The nation's leading teacher educators made a startling admission last year in their tome, Studying Teacher Education, by conceding there's little evidence that what happens in ed schools helps in the K-12 classroom. Kate Walsh explores why teacher educators are ignoring the achievement gap and, thus, consigning their field to irrelevance.
Science education in America is under attack, with "discovery learning" on one flank and the Discovery Institute on the other. That's the core finding of this comprehensive review of state science standards, the first since 2000. Written by pre-eminent biologist Paul R. Gross, The State of State Science Standards 2006 finds that even though the majority of states have reworked, or completely re-written, their science standards over the past five years, we're no better off now than before. The good news is that many of the standards are easily fixed. The public's anxiety about the future of our nation's scientific prowess is palpable,and reasonable. How serious are we in addressing their concerns?
What do ordinary Ohioans think about the myriad education reforms enacted in the Buckeye state over the last half-decade? How do parents, taxpayers, and citizens view public schooling in 2005? Do they like these reforms? Seek more or less of them? Have confidence that they'll succeed? Fordham decided to enlist veteran analysts Steve Farkas and Ann Duffett to examine the attitudes of Ohio residents toward their public schools. The results? Ohioans are frustrated with their K-12 education system on a number of fronts, and feel the state is in dire need of stronger, better leadership when it comes to education. Policymakers would do well to pay attention.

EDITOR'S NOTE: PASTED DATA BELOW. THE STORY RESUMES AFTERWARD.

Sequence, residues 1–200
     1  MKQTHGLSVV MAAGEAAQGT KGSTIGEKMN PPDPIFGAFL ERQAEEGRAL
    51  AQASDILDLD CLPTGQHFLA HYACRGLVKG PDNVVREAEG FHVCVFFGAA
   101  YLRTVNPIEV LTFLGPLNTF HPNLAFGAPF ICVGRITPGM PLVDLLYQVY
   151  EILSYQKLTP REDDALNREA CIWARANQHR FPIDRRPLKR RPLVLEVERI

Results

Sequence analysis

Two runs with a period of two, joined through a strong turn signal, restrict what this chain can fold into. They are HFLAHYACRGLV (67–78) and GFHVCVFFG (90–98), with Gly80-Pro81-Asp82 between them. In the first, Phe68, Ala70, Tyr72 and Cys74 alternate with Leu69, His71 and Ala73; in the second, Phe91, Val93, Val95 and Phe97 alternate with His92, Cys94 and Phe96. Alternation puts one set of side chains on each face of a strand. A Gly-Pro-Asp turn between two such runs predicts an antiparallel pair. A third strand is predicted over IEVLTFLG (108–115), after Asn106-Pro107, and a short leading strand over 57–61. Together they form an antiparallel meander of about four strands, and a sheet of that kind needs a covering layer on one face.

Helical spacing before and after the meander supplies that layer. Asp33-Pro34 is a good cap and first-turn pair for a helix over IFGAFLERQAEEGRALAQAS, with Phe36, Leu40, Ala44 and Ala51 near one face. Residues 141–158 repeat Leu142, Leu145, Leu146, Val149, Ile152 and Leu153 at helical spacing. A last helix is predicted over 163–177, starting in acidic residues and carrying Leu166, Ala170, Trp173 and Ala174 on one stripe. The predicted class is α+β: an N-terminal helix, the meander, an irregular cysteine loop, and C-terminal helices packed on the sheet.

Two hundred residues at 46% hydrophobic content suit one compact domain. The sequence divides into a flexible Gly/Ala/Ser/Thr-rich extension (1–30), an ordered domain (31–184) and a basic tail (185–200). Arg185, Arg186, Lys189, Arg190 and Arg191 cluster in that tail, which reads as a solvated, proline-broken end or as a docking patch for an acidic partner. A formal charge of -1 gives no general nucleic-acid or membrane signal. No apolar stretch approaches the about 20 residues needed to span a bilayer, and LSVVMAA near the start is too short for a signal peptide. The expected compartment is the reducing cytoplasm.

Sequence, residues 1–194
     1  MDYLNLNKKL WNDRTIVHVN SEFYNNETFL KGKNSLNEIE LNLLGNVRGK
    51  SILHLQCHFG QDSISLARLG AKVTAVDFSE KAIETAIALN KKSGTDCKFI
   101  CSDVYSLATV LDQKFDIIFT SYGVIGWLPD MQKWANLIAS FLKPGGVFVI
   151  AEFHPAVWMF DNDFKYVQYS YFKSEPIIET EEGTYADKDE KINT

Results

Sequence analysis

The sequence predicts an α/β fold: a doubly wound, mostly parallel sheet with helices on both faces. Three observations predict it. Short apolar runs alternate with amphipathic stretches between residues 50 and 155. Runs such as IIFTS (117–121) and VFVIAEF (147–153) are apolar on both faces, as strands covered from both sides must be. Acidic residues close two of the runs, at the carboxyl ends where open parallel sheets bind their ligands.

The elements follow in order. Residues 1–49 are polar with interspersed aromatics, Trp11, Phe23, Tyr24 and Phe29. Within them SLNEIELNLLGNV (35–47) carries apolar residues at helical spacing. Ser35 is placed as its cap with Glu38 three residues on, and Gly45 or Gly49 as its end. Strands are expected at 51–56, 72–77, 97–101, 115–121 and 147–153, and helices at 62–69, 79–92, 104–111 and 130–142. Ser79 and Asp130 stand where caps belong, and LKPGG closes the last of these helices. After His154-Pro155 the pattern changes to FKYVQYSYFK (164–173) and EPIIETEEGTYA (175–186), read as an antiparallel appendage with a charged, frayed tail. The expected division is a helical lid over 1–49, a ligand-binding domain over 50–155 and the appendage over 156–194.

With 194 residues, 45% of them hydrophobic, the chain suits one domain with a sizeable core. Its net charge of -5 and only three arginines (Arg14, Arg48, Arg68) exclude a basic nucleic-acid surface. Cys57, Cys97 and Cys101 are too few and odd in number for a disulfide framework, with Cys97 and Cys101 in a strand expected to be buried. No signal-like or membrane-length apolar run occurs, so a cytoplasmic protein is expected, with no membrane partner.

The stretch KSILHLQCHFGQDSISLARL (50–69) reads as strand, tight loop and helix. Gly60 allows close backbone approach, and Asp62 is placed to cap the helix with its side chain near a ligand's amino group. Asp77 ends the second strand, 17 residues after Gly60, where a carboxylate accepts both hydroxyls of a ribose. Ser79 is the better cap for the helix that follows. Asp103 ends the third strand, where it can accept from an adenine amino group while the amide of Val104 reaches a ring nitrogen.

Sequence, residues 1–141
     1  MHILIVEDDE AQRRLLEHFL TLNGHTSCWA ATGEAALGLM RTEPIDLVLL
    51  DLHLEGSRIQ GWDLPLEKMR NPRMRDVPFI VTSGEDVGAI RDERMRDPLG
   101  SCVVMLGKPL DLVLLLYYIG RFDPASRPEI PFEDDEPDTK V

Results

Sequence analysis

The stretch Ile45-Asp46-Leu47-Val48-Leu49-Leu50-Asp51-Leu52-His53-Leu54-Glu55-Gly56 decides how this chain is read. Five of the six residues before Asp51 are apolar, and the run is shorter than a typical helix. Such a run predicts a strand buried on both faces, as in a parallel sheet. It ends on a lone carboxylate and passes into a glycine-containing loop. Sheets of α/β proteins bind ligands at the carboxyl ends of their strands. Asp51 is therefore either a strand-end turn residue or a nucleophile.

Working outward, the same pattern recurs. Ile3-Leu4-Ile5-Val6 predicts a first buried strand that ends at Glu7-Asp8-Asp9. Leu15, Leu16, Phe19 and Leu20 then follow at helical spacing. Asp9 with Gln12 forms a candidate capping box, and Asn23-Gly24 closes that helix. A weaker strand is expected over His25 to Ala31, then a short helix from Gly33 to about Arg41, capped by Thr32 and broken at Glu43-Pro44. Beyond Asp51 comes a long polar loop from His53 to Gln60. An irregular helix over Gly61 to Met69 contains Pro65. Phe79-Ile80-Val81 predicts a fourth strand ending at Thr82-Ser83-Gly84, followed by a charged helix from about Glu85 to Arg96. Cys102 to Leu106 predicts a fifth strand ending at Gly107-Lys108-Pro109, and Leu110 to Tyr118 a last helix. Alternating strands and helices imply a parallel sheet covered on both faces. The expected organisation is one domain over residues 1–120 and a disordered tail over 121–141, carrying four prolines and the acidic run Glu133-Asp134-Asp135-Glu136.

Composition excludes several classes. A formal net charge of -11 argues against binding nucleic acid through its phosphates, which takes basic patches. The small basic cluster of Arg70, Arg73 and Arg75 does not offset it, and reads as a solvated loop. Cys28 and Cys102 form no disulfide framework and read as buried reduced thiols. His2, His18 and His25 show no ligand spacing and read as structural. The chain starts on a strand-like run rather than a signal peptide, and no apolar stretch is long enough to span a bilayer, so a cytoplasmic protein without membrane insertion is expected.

Almost every week a new report or commission decries the decline of America's preeminence in science, and calls for the nation's education system to raise standards in order for our economy to remain competitive with the rest of the world. Within this context, the National Assessment Governing Board is preparing to launch a new science assessment for 2009. Curriculum developers and textbook writers are likely to follow its lead. Fordham couldn't help but wonder: is the draft science Framework up to the challenge? Using much the same criteria applied in the Foundation's state science standards reviews (due out this December), our reviewers answered: no. As author (and esteemed biologist) Paul R. Gross wrote, The Framework is an interesting start, but there is much work to be done if it is to achieve its potential usefulness.
How are charter schools in Ohio truly performing when compared to their district counterparts? The latest Fordham Foundation report, School Performance in Ohio's Inner Cities: Comparing Charter and District School Results in 2005 provides a rare apples-to-apples comparison of charter school and district school achievement in four of Ohio's cities: Columbus, Cleveland, Cincinnati and Dayton. The results reveal that the performance of charter pupils isn't as dismal as Ohio's charter opponents want you to believe. However, the findings also illuminate the larger problem: ALL public schools in the Buckeye State still have a long way to go to reach academic success.